Hariyo Ban Program, E-newsletter, Issue 9, November 2013 | WWF

Hariyo Ban Program, E-newsletter, Issue 9, November 2013

Posted on 03 December 2013
Hariyo Ban Program, E-newsletter, Issue 9, November 2013
© WWF Nepal/ Hariyo Ban Program
A real cash cow improves livelihood

Thulimaya Tamang, a resident of Pipara Simara, Bara tenderly takes care of her cow. This cow is a prized possession – after all it has helped to increase her household income. She now saves NRs. 2000 per month after paying for cow fodder and deducting her monthly loan installment. Thulimaya's monthly income will have a whopping increment of 180% after her loan is paid off.
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Water: Safeguarding It, Being Protected From It

For Janak Man Chaudhary of Gobardeha-6, Mahadeva in Dang district, climate change is not some new-fangled notion, but something that he has been experiencing through the years. One major change is in the arrival and pattern of monsoons. “The frequency of unseasonal rains has gone up tremendously. We can never predict when rains will come pouring down and sweep away our fertile land, or crops that are ready to be harvested. A simple example is how we had very scanty rains last year and nearly underwent a drought. But this year, the monsoons have been so horrendous that floods washed all over the main road and submerged a cattle shed, drowning three cows. What else except climate change could create such havoc?”
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The Conservation Warriors' Efforts to Establish Ghoral Community Conservation Area

Imagine hunting a near threatened animal as a traditional practice for food and realizing one fine day that the practice is wrong! This is what happened in a few VDCs of Nawalparasi district: Deurali, Naram, Ruchang, Dhaubadi and Hupsekot. Communities came together and decided to protect the Himalayan goral (Nemorhedus goral), demonstrating strong local stewardship and local engagement in conserving a vulnerable species. Jhabilal Ranamager, local resident of Dhaubadi VDC says, "When we hunted goral, the studier ones always got away and those that got killed were the pregnant, sick and old goral. What moved us was to find an infant inside the carcass almost all the time. It made us feel guilty and coldblooded."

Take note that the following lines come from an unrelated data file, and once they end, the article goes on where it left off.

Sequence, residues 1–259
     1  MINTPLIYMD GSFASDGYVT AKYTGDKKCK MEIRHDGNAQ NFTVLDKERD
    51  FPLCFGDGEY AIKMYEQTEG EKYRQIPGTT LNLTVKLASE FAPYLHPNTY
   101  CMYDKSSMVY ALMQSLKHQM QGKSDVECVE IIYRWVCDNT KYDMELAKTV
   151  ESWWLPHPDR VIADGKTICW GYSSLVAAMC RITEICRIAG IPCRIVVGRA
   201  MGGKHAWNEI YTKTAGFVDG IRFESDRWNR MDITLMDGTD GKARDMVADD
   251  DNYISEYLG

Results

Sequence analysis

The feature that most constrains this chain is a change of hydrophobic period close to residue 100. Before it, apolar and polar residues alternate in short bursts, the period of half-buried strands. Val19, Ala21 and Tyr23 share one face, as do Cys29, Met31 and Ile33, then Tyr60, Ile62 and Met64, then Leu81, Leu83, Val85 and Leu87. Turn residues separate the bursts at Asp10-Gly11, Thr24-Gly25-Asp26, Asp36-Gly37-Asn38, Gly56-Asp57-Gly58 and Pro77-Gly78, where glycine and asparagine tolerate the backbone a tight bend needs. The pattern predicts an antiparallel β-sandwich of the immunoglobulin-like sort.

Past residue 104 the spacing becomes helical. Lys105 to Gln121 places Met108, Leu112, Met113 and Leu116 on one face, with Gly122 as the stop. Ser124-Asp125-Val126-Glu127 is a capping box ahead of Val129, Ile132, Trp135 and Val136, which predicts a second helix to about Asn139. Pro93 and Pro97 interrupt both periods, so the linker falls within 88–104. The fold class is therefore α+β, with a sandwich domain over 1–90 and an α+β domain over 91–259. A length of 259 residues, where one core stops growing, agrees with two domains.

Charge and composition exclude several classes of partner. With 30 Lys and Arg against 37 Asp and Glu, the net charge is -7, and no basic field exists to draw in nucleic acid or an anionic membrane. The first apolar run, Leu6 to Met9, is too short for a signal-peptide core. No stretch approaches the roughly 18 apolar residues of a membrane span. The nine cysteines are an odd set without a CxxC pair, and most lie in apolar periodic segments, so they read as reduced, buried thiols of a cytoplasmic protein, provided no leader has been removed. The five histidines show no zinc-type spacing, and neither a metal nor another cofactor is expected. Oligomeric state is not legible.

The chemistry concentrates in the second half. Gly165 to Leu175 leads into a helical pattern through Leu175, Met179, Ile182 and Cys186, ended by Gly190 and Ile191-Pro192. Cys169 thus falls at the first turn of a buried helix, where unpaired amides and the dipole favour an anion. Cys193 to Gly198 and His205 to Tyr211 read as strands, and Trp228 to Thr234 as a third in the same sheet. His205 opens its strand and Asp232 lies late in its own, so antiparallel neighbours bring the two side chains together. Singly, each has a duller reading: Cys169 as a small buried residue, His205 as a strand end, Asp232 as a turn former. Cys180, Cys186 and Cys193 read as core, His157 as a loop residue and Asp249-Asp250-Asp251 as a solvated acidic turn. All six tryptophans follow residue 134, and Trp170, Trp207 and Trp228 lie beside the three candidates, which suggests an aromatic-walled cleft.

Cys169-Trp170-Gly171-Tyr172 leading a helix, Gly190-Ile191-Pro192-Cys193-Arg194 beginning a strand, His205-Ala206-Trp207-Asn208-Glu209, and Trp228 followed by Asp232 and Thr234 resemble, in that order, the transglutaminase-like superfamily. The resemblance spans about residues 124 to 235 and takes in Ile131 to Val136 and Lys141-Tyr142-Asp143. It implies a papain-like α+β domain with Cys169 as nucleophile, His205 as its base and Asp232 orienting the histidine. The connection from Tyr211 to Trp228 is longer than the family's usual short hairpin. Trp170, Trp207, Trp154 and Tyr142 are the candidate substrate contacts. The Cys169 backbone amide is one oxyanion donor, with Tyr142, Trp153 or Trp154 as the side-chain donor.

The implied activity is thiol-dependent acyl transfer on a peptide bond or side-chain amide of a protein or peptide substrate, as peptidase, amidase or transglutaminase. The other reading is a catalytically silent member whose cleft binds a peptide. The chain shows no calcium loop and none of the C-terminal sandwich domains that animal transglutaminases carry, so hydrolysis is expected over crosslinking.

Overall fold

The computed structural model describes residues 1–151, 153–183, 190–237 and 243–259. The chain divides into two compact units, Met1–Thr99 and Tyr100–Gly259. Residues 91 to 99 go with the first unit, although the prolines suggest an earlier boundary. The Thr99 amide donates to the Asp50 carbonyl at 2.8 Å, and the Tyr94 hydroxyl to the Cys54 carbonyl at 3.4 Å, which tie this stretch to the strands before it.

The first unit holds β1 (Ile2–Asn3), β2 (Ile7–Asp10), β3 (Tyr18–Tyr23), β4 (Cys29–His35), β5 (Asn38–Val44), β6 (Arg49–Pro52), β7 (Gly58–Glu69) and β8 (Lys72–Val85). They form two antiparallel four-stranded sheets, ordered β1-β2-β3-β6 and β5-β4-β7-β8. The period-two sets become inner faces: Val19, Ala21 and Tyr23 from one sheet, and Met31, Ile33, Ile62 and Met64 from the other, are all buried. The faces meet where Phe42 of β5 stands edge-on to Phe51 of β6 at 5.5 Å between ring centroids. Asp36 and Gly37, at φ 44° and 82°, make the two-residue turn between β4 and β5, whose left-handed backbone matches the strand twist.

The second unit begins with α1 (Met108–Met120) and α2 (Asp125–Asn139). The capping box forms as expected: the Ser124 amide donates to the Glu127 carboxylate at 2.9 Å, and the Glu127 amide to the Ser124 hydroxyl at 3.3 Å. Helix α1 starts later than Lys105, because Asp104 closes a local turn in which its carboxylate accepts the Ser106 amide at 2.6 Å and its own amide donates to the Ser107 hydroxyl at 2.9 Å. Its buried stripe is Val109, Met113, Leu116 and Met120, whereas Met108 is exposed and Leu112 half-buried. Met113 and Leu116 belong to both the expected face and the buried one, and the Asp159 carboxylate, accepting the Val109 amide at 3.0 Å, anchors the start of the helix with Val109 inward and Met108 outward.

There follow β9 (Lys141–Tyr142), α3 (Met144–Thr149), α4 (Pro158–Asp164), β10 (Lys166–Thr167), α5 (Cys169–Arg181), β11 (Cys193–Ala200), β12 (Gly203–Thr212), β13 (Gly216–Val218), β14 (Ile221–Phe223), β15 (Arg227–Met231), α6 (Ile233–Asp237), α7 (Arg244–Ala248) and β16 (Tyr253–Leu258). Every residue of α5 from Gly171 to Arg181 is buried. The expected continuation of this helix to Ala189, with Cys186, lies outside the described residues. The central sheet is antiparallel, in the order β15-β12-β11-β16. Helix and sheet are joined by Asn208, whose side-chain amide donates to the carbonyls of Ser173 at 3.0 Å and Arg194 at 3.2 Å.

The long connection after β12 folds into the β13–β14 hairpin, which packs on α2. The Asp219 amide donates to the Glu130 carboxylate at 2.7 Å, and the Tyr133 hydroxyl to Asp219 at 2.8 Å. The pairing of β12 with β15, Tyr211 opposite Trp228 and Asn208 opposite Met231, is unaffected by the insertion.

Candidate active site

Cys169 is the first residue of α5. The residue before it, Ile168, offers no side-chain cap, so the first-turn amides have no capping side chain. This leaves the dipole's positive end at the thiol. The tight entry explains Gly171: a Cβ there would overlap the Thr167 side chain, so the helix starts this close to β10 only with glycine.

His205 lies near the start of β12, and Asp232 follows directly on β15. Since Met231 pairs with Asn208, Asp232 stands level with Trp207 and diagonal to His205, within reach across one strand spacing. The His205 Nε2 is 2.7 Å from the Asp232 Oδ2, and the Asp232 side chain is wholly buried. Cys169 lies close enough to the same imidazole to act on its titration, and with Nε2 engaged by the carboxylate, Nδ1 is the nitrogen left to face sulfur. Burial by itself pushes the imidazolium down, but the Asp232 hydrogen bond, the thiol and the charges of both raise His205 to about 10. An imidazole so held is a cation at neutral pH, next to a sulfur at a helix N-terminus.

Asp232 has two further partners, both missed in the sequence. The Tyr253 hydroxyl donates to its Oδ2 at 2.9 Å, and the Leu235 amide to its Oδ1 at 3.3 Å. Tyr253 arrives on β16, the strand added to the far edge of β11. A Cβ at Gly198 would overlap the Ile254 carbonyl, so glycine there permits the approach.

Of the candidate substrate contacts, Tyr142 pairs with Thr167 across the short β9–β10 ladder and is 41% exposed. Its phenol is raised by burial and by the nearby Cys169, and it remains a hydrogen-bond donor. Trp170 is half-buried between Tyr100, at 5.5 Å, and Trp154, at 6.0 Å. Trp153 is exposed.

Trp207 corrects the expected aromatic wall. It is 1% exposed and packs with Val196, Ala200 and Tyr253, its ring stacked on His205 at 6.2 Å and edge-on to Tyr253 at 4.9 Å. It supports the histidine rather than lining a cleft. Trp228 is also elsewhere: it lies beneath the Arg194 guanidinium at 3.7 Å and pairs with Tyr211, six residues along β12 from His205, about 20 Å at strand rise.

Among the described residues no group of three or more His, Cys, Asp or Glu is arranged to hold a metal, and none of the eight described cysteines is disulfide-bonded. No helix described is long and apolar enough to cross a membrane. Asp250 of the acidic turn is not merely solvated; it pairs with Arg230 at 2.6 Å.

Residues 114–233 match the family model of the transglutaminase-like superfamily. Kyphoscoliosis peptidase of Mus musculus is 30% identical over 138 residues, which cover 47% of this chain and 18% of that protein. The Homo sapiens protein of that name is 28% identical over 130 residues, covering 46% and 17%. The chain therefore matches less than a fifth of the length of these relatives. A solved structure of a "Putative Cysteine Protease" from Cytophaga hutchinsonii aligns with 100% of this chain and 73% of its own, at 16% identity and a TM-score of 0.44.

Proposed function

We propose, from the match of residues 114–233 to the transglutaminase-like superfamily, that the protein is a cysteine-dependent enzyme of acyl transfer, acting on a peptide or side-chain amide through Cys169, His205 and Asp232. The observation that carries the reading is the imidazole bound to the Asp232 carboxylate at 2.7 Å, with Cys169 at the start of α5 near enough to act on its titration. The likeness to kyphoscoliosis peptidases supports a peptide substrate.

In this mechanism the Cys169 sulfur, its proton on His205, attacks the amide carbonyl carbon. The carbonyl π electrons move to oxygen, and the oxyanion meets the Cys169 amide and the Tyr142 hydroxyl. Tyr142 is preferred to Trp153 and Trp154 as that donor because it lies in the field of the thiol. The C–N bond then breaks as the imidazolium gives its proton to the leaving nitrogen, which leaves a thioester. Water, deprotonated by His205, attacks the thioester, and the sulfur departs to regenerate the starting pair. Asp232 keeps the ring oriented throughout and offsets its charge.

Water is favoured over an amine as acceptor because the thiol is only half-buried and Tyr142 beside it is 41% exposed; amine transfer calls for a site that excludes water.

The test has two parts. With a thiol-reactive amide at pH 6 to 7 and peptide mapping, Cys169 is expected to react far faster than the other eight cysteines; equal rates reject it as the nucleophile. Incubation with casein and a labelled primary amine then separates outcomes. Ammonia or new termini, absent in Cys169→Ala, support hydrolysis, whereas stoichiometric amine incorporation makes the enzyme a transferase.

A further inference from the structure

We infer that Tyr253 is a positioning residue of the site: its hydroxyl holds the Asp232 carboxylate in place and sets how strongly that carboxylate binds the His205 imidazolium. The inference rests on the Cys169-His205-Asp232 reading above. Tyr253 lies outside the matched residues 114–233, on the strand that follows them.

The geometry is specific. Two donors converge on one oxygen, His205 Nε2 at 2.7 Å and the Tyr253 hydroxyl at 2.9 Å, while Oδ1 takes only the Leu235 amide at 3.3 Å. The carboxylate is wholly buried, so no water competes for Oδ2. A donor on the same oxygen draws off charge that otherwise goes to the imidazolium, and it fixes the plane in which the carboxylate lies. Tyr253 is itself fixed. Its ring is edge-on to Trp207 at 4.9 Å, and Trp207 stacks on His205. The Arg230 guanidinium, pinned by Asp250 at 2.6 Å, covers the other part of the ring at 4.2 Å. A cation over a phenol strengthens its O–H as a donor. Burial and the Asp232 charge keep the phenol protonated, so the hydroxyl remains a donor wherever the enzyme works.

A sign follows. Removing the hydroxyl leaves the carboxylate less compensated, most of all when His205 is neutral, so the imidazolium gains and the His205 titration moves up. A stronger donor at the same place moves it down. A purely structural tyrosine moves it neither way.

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Broom grass — a boon for communities and ecosystems

The steep slopes of Amdanda, Gaighat and Sinchangghadi in Devghat VDC were used for shifting cultivation – an agricultural land use system where land is cleared of forest and cultivated until its fertility diminishes, after which it is abandoned. This kind of land use system intensifies deforestation and forest degradation. This practice resulted in frequent landslide and soil erosion along the banks of Trishuli river adjoining Mugling-Narayanghat highway. Restoration in this area is particularly critical given that it serves as a forest corridor to enhance the ecological connectivity of the Chitwan Annapurna Landscape (CHAL).
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Major updates

• National consultation meeting conducted on Environmental and Social Impacts of Large Infrastructures in Nepal. The consultation was based on the study ‘An overview of Existing and Planned Key Infrastructure in the Terai Arc Landscape and Chitwan-Annapurna Landscape, and its Environmental and Social Impacts’.
• REDD working group meeting held at the REDD cell, chaired by the Secretary of the Ministry of Forests and Soil Conservation (MoFSC) endorsed the REDD+ strategy framework for Nepal developed by the REDD Cell, MoFSC with the support of the Hariyo Ban Program.
• The second phase of red panda monitoring in Langtang National Park (LNP) initiated.
• A large-scale plantation began in different VDCs of Kaski where a total of 25,300 seedlings were planted.
• Hariyo Ban Program in coordination with Bhimapur VDC office awarded scholarships worth Rs. 8,000 (Rs. 7,500 from Hariyo Ban) to 11 wildlife victims.
• The activities outlined in the Community Adaptation Plan of Action (CAPA) in Ranikhola CFUG, Dahakhani VDC are nearing completion.
• National interaction and sharing workshop on Payment for Ecosystem Services (PES) conducted in Pokhara, Kaski.
• A support of duna-tapari (leaf plate) machine was made to a duna tapari enterprise in Bandipur VDC, Tanahu.
• A 5 km long barbed wire fence installed in the Buffer Zone of Bardiya National Park – Amreni, Karmala and Jariyaphanta BZCF.
• Monsoon dolphin monitoring survey completed in Geruwa, Karnali and Mohana River.
• Tea plantation piloted in Bhadaure Tamagi and Chapakot VDCs of Kaski district. Altogether 54,000 tea seedlings planted on both community and private land.
• Support to develop and maintain official Bardiya National park website provided.
• A 7.3 km electric fence installed in Panchakanya and Chaturmukhi CFUG, Padampur VDC, Chitwan.
• Training on climate change and Reduced Emissions from Deforestation and Forest Degradation (REDD+) for local journalists conducted.
• A skill based training on rattan handicraft provided in Jhalari, Kanchanpur and mushroom farming in Farm Tole, Basudevpur, Banke.
• Regional multi stakeholder consultation workshop on Emission Reduction Program Idea Note (ER-PIN) development for Terai Arc Landscape (TAL) conducted in Dhangadhi, Nepalgunj, Butwal and Hetauda.
• Initial findings of the study Moving Down or Not? A key question for Samzong, Yara and Dheye, three villages in Upper Mustang, Mustang District, Nepal was shared.
• Training of Trainers (ToT) on Environmental Mitigation and Monitoring Plan (EMMP) preparation was conducted in Sauraha, Chitwan.
• Sirdibas VDC, where toilets have been built in all houses with partial support from Hariyo Ban Program, was declared as open defecation free zone on 29 October, 2013.

Hariyo Ban Program, E-newsletter, Issue 9, November 2013
© WWF Nepal/ Hariyo Ban Program Enlarge